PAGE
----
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A sign set in a fountain is seen at the University of British Columbia in Vancouver, B.C., on Wednesday September 2, 2015.

DARRYL DYCK/The Globe and Mail

The University of British Columbia has ended its seven-year fundraising campaign, surpassing its goal of raising $1.5-billion and doubling the number of alumni it had set out to reach.

The news comes as the university is embarking on a search for a new president this fall after the controversial resignation of former president Arvind Gupta this summer.

Interim president Martha Piper says the $1.62-billion final tally shows that UBC is supported by donors and alumni.

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"It's clearly a cause for celebration, but the main celebration is one of gratitude. This is not easy for people. There are many deserving causes. For people to step up and believe in a university, and believe in the University of British Columbia, is quite remarkable," Dr. Piper said.

The campaign reached its goal gradually, starting out with $760-million in 2011, when the campaign officially launched. By this past February it was 97 per cent of the way toward the original $1.5-billion goal.

It is the second largest amount ever raised by a Canadian university. The University of Toronto is aiming at $2-billion in its "Boundless" campaign, and now sits at approximately $1.8-billion.

Private funds are accounting for a larger share of university budgets, both here and in the United States. This month, for example, Texas A&M University, a public institution, announced it was looking to raise $4-billion. Stanford and Harvard have been battling for top fundraising schools with over $1-billion each per year.

Donor fatigue is always a risk, Dr. Piper acknowledged.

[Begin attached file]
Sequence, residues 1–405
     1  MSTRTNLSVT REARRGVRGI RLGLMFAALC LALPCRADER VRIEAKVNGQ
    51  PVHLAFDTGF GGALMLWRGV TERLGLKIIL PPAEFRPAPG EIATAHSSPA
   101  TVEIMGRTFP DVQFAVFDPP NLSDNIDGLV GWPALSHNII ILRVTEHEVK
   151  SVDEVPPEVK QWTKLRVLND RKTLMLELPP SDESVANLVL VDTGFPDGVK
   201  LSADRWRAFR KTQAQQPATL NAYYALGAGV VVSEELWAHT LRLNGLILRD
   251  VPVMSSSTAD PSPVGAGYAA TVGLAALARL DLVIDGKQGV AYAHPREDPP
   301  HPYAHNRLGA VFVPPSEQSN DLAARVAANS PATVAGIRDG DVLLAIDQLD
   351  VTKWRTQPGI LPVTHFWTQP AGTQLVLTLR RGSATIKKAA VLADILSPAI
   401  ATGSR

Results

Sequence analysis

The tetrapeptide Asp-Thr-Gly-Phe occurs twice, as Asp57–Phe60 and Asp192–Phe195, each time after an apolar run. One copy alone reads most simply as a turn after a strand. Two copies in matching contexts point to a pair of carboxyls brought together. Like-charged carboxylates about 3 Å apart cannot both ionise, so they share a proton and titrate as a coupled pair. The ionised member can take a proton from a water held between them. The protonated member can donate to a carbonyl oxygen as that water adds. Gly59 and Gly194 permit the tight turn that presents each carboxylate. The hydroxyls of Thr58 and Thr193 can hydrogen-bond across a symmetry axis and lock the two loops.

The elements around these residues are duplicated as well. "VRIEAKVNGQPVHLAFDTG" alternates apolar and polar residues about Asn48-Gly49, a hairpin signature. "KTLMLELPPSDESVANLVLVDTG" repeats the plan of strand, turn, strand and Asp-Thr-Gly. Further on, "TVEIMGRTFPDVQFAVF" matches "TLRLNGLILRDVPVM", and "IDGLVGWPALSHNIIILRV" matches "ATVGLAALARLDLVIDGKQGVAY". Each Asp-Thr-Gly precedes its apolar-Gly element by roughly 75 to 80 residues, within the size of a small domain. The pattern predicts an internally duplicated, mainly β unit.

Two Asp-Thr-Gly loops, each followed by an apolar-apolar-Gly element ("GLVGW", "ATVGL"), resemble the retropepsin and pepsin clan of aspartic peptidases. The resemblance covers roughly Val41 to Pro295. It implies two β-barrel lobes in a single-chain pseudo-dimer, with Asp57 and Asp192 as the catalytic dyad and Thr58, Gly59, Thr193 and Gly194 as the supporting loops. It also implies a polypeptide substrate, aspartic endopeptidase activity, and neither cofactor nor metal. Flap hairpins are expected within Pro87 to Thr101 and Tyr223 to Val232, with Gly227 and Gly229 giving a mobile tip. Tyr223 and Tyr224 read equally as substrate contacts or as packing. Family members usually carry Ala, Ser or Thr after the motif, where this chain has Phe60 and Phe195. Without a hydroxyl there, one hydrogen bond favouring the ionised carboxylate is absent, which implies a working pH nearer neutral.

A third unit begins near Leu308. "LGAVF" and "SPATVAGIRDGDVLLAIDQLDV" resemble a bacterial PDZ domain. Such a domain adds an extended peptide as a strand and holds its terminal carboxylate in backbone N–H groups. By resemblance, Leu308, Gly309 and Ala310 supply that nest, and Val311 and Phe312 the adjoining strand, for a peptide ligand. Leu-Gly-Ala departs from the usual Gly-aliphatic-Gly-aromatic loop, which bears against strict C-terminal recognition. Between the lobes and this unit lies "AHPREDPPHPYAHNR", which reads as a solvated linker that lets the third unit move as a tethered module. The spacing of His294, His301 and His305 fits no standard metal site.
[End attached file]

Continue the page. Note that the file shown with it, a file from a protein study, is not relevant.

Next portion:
"We have to have appropriate uses of the money. The main thing is sustaining people's engagement in the university. Universities are recognizing they have to stay in touch with alumni, that's a better goal than the financial goal. Clearly we are going to see campaigns coming in at higher and higher numbers," Dr. Piper said.

The funds are going to a variety of areas. Academics, research and infrastructure are receiving about 30 per cent each, with 10 per cent destined for student aid.

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Among the most high-profile gifts was $5-million from arts philanthropist Michael Audain for the Audain Art Centre, and $30-million from businessman and philanthropist Peter Allard for the law school, which now bears his name.

Students also raised $80-million through a levy that went toward building a new student centre – the Nest – which is home to a food court, student clubs and multiple studio and meeting spaces.

Perhaps the most unexpected gift was from Judith Jardine, who left $6.4-million to the university's Faculty of Medicine. The UBC alumni was a private and little-known heiress in Vancouver who donated most of her money, the last of a family fortune, to charity.

All the money that was raised is going toward what Dr. Piper called "an added level of excellence.

"We are not raising money to keep the lights on, or put people in classrooms… I don't think this in any way takes away the responsiblity of government to provide operating expenses, or for students to pay the appropriate tuition levels," she said.

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